“We just didn’t know that it would skew the algorithm so much,” he says. “And I suppose it’s a testament to how well received it is, that people are actually doing it. But I know it makes it really tricky for first timers who are genuinely looking for material that can help them progress…I am of the opinion that folks who are immersed in that moment, in the mission, when they type it on their Google they’d be forgiving and just look past and gloss over a lot of those walkthroughs and look for real results, whether it’s from Wikipedia or whichever reference material.”
It’s certainly easy enough to become immersed in the Singapore of Chinatown Detective Agency, in no small part due to the care Fillon and his team put into creating it. Fillon tells me they strove for authenticity in every part of their adventure, including its voice acting, sound design, and visuals. Some of those elements were a bit more difficult than others to create, however, especially with a fully remote team during a pandemic. For instance, art director Ricardo Juchem had never visited Singapore when he initially began working on the project. He did eventually, but in the meantime Fillon would frequently send him photos of locations around the city to inform the game’s backgrounds. Juchem also used other, more imaginative ways of getting the lay of the land, including Google Street View and, in one case, flying an airplane in Microsoft Flight Simulator to get a good angle on a specific location, and taking a screenshot to base his own environments on.
Of course, the Singapore of Chinatown Detective Agency isn’t a modern day Singapore. It takes place in 2037 – so the future, but not the far-off future. Fillon says that was intentional, as he wanted to tell a futuristic story that was still understandable for the audience as a real, near possibility rather than something imaginative and far-off. It’s our world, but it’s a version of our world where things never really get better.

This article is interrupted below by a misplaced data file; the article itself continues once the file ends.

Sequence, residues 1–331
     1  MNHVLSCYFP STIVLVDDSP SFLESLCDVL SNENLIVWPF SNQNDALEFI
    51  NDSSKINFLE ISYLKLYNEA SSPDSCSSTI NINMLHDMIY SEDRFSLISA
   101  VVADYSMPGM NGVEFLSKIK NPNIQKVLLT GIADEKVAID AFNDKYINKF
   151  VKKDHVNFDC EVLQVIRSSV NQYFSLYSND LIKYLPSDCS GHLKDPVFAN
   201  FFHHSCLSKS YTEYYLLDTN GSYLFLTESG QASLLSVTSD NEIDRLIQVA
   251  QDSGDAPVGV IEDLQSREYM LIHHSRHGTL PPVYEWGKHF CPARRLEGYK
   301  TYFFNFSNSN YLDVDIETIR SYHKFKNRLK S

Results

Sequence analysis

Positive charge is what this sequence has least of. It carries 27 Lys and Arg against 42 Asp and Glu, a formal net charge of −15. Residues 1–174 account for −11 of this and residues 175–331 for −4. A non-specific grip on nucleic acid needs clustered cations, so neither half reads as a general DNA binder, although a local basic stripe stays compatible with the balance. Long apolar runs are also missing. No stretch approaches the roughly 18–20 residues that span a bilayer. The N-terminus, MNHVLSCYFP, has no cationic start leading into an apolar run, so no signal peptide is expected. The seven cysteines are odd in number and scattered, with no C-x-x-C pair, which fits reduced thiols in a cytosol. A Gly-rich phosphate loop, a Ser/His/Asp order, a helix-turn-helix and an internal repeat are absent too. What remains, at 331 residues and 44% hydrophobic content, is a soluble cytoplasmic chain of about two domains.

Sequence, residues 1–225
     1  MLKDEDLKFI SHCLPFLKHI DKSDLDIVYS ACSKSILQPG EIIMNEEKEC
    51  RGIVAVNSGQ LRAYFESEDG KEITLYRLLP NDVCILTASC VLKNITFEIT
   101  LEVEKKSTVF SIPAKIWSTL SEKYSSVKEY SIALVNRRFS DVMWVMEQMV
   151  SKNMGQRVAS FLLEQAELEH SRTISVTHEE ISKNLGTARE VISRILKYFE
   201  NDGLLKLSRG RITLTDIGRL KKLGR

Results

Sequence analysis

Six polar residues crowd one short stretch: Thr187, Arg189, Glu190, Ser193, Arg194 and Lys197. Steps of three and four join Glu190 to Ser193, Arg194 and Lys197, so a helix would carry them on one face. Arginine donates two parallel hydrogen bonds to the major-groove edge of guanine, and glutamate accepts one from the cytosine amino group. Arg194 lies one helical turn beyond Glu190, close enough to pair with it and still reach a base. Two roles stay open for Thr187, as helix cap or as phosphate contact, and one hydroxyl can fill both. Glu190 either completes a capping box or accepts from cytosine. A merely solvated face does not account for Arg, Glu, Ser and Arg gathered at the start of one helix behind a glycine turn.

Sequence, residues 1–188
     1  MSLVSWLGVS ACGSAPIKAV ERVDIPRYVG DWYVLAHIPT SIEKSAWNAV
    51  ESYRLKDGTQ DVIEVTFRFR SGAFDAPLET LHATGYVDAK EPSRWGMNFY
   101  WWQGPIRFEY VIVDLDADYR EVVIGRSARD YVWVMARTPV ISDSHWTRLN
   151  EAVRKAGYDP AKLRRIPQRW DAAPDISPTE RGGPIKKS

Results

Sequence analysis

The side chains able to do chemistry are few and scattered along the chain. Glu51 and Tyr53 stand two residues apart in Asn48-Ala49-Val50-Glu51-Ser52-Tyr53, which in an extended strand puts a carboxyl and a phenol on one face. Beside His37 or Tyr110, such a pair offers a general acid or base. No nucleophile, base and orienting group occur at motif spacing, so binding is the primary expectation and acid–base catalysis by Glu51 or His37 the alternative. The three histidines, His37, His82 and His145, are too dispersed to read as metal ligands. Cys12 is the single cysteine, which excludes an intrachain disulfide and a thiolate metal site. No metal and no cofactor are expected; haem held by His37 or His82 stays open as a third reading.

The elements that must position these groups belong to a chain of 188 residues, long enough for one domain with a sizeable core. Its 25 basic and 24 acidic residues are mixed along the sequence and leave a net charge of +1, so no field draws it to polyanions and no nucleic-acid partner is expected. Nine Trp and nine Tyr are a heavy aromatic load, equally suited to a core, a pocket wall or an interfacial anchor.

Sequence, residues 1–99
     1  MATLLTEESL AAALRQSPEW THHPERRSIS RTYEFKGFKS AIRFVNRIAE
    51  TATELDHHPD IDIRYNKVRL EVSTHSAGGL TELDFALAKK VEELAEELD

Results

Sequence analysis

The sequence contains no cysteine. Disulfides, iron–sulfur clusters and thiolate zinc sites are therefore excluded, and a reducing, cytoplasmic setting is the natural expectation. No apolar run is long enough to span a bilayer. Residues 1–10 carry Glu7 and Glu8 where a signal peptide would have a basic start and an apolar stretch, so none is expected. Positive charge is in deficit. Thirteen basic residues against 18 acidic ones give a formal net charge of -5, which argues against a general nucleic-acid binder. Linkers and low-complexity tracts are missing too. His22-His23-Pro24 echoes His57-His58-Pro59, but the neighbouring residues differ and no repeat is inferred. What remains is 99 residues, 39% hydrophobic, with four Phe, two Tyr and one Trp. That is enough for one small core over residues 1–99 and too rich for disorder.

“We envisioned a world where the pandemic has just basically cost a mass economic stagnation,” he says. “People are out of jobs. Governments are running out of funds. The Singapore you see in Chinatown Detective Agency is like a very extreme opposite of what Singapore is today. Singapore is known for being a well-oiled machine, right? It’s very well organized. It’s a case study in how a government should run a country. Things just work.
“But in Chinatown Detective Agency we imagined what would happen if the police force ran out of money, what would happen if public transportation ran out of money. It would pretty much drastically change Singapore on a fundamental level, and that informs the plots and the story arcs beyond Singapore.”
Fillon adds that designing this particular vision of Singapore felt a bit like “eating forbidden fruit” – a dystopian future for his country just isn’t something people want to talk about.
“It stands out to someone who’s been to Singapore because everything here is squeaky clean,” he says. “There are no cracks on the glass. The stickers and the posters on the subway are super neat. The edges are super straight and they’re light colored. In the game they’re dark gray and barely running and noisy and just broken, and imagining that was a little bit scary because it felt like if Singapore were at that level of disorder you know the world has gone completely wrong.”
Chinatown Detective Agency, then, uses nostalgia for the past to tell a futuristic story. Fillon feels that with the advent of the internet, knowledge has become so accessible that the journey of discovery and learning new things has become something most people take for granted. He hopes that with Chinatown Detective Agency, he can renew some of that spark for his audience.
“The hope is that if someone has enjoyed playing it, that it’s rekindled some sort of interest in just learning something new again. I don’t want to use that word ‘edu-tainment’ because it has such a stigma attached to it. But I suppose if it’s used as a vehicle to tell a captivating story, hey, you know what, I have no problems with that.”
Rebekah Valentine is a news reporter for IGN. You can find her on Twitter @duckvalentine.